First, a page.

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A Sunday ramble, from politics to picking up cedar limbs

The problem of free speech

Gab, the free-speech social network, has suffered yet another blow. Visa has yanked their merchant account, preventing people from using Visa cards to make payments to the company. Worse, the ban also extends personally to Gab founder Andrew Torba AND to any members of his household.

Gosh, can anybody think of other times and places when family members were punished for the politically incorrect deeds of others? Oh yeah … the Soviet Union, Communist China, and Nazi Germany. Fun times, fun places.

Of course, this is just Visa, a private corporation, and not the work of overbearing, discriminatory, inescapable government. Therefore it’s all a-ok in the eyes of modern libertarian theory.

Except it’s not. In modern libertarian theory, industries (including banking and Silicon Valley startups like Twitter and FB) wouldn’t be in close cahoots with government. They wouldn’t have been given favorable regulation, tax breaks, cozy cronyisms with those in power, extreme low-interest loans from the Fed, huge lobbying clout, near-monopoly status, etc. etc. So now we have the most active censorship and selective persecution ever in this country — far, far worse than in the McCarthy era or the Red Scare post WWI.

But it’s being done by “private” companies — that aren’t.

Such a good deal for those in power.


I have a login at Gab but I haven’t visited there for several years. That’s partly because social media is not my thing, but also because Gab does — as its accusers and persecutors say — provide a platform for some real nasties, and the nasties can be hard, though not impossible, to avoid.

The fact that Gab, which is growing rapidly as people desert blatantly politicized networks like Twitter and F*c*b**k, also provides a platform for those who would refute, demolish, ignore, and possibly even uplift “haters” escapes their critics. Gab provides a platform for anybody, except a few limited categories, like those who advocate violence.

It’s traditional, it’s constitutional — and it’s just plain common sense to anyone who understands the principles of liberty — to understand that losers, loons, wild-eyed conspiracy theorists, political extremists, racists, idiots, opponents of political regimes, and everybody else merits protection of free speech. Why write a First Amendment if it wasn’t intended to protect controversial folk? You hardly need such a thing to protect popular speech.

So yeah, it’s a good thing that Gab even gives a platform even to the dreaded white supremacists. Someone has to. It’s not even a tattered remnant of a free country if the fringe-oids are suppressed. And as the howling left will soon find out to its shock and dismay, once you establish that it’s okay to censor or suppress people you don’t like, you’ll be next in line for being stomped on.

But the problem of free speech in the Internet world is that once the nasties know they’ll be tolerated somewhere — they immediately go there. Klanspersons, haters of Jews, preachers hoping for bloody Armageddon, and generally glassy-eyed extremists travel the ‘Net in mobs. (This is odd in a way, because they only people they hate more than Jews/blacks/Muslims/lizard-brained aliens/Mexicans/etc. is each other; but that’s a ponder for another day.)

That’s why I never, ever knowingly let a bigot comment here. Give a platform to one pathetic incel panting over his Hitlerian fantasies in his mother’s basement and the word goes out to all.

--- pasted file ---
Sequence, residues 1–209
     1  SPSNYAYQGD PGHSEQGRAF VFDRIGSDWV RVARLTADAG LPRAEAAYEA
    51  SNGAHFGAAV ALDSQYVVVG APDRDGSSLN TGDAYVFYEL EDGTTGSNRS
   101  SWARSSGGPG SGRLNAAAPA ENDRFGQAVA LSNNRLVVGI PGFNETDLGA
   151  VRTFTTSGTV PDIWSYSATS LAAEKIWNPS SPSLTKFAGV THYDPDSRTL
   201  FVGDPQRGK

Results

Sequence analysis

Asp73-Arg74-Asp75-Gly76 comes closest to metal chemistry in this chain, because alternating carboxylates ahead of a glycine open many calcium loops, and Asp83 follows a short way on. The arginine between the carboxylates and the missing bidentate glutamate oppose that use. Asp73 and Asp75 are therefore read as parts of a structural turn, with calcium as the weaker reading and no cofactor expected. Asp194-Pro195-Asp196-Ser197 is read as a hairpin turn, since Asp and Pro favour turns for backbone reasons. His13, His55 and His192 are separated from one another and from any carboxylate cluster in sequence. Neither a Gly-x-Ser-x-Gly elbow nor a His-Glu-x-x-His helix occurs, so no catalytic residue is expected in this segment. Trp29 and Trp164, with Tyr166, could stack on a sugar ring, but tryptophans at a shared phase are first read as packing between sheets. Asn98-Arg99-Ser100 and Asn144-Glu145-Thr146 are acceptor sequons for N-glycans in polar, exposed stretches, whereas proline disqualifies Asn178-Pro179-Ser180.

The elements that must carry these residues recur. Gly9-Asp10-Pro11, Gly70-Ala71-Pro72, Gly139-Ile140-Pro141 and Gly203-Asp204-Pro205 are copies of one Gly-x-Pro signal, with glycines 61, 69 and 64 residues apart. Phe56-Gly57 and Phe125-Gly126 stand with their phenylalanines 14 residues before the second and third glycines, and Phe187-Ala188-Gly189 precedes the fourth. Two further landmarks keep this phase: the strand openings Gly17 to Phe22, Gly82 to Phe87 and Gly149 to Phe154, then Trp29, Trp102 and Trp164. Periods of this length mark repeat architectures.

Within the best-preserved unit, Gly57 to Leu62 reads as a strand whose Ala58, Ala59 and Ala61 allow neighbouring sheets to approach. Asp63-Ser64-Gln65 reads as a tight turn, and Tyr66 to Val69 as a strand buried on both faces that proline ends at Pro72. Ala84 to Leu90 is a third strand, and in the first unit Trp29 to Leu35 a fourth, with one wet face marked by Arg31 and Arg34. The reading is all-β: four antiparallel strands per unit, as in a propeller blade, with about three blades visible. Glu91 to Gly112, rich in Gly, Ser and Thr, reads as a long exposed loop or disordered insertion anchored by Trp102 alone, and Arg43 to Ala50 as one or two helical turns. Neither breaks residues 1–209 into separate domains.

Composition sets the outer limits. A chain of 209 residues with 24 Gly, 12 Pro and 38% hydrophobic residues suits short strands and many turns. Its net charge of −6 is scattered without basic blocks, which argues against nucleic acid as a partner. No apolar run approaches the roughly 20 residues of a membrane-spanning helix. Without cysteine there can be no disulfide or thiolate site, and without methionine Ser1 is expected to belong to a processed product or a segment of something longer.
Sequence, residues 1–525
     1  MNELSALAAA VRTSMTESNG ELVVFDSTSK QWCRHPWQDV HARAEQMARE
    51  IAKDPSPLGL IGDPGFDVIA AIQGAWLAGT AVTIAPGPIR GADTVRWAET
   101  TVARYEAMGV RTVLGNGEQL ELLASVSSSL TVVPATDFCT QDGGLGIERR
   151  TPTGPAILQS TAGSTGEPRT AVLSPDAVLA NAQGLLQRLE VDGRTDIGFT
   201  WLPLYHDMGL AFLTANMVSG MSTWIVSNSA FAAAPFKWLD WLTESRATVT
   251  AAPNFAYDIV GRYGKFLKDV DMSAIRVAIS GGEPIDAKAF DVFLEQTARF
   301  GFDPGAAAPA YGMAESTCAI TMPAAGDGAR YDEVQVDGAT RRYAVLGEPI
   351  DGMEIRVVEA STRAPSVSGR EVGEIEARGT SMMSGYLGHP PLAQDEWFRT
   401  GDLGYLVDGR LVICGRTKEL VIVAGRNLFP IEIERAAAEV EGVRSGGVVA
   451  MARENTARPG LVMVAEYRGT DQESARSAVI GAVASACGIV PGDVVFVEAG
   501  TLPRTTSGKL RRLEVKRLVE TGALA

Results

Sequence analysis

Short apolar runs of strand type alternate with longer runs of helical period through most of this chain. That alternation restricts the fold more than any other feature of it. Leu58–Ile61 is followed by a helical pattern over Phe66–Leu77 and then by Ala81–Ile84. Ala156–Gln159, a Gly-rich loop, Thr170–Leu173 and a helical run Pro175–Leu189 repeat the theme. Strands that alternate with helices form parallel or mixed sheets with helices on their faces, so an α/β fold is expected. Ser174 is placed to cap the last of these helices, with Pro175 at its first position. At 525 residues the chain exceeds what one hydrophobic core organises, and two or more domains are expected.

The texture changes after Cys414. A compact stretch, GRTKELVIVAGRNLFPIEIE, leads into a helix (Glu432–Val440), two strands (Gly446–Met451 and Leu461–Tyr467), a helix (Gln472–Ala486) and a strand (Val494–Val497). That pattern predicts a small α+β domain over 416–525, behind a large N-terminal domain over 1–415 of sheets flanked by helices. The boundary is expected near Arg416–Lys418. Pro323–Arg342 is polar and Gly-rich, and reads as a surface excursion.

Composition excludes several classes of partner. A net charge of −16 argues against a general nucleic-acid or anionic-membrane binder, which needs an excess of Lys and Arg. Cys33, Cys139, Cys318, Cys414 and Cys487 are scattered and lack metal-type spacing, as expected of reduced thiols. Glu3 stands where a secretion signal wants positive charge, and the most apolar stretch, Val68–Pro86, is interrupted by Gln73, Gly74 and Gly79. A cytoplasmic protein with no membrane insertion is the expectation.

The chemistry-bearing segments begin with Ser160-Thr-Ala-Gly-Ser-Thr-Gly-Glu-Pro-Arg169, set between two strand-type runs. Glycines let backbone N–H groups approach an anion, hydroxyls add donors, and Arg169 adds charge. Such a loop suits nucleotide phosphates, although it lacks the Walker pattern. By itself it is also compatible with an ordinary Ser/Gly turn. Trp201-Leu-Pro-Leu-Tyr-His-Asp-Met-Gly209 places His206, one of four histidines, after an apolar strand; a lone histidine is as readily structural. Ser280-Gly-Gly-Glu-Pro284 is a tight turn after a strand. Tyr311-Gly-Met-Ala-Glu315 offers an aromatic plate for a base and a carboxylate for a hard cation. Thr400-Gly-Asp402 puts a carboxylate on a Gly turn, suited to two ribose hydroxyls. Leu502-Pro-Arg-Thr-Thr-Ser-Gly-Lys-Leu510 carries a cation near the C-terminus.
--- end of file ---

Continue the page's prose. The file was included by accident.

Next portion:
Pretty soon you have no decent people speaking up. That happened to the Western Rifle Shooters Association. Concerned American, who owns the place, commendably believes in free speech. I applaud his ideals and courage — but not his good sense. In short order, he ended up with a comment section oozing so much bile that it confirmed every terrible thing the enemies of gun rights believe about gunfolk.

As to Gab, I wish them well. So far they do seem to be thriving despite all that the angry establishment throws at them and it’s possible the ick faction isn’t as prominent or loud as it was a while ago. Andrew Torba seems to be a good man with a real commitment to principles, and he’s certainly brave and determined. Hopefully, the growing membership will drown out, or already has drowned out, the tiny, but loud, cadre of creeps. But I’m not going back any time soon to see.

Big broken systems

Right now (and for too long a time past and future) one of my friends is caught in a legal nightmare and another is a healthcare nightmare.

The first is the target of a lawsuit that’s not only frivolous, but probably illegal. It’s been bleeding him dry for more than a year, and for a long time the fraudulent nature of the action has been visible. Yet because of the way legal procedures grind along, there’s no way to go immediately to a judge and say, “Look at this evidence, then please dismiss this suit and slap the plaintiff upside the head, thank you.” He will have to pay tens of thousands more FRNs and surrender much more of his life — for nothing.

My other friend is making decisions for a 90-something mother who is rapidly (yet agonizingly slowly) going down hill. Although the individuals involved in the situation have all been doing the best they can, the system itself is … well, exactly as you expect it to be, only worse. The latest? Mom fractured her neck in a fall and ended up in a nursing home. After just a few weeks in the home, she fell out of bed and re-fractured the same vertebra.

How can an old lady with a broken neck fall out of a nursing home bed? “Don’t they have rails?” I asked.

Turns out that, in Mom’s state, bedrails are forbidden by government regulation because that’s too much like imprisonment. So Mom was injured — and probably sent into her final decline — buy a policy designed to “protect” her.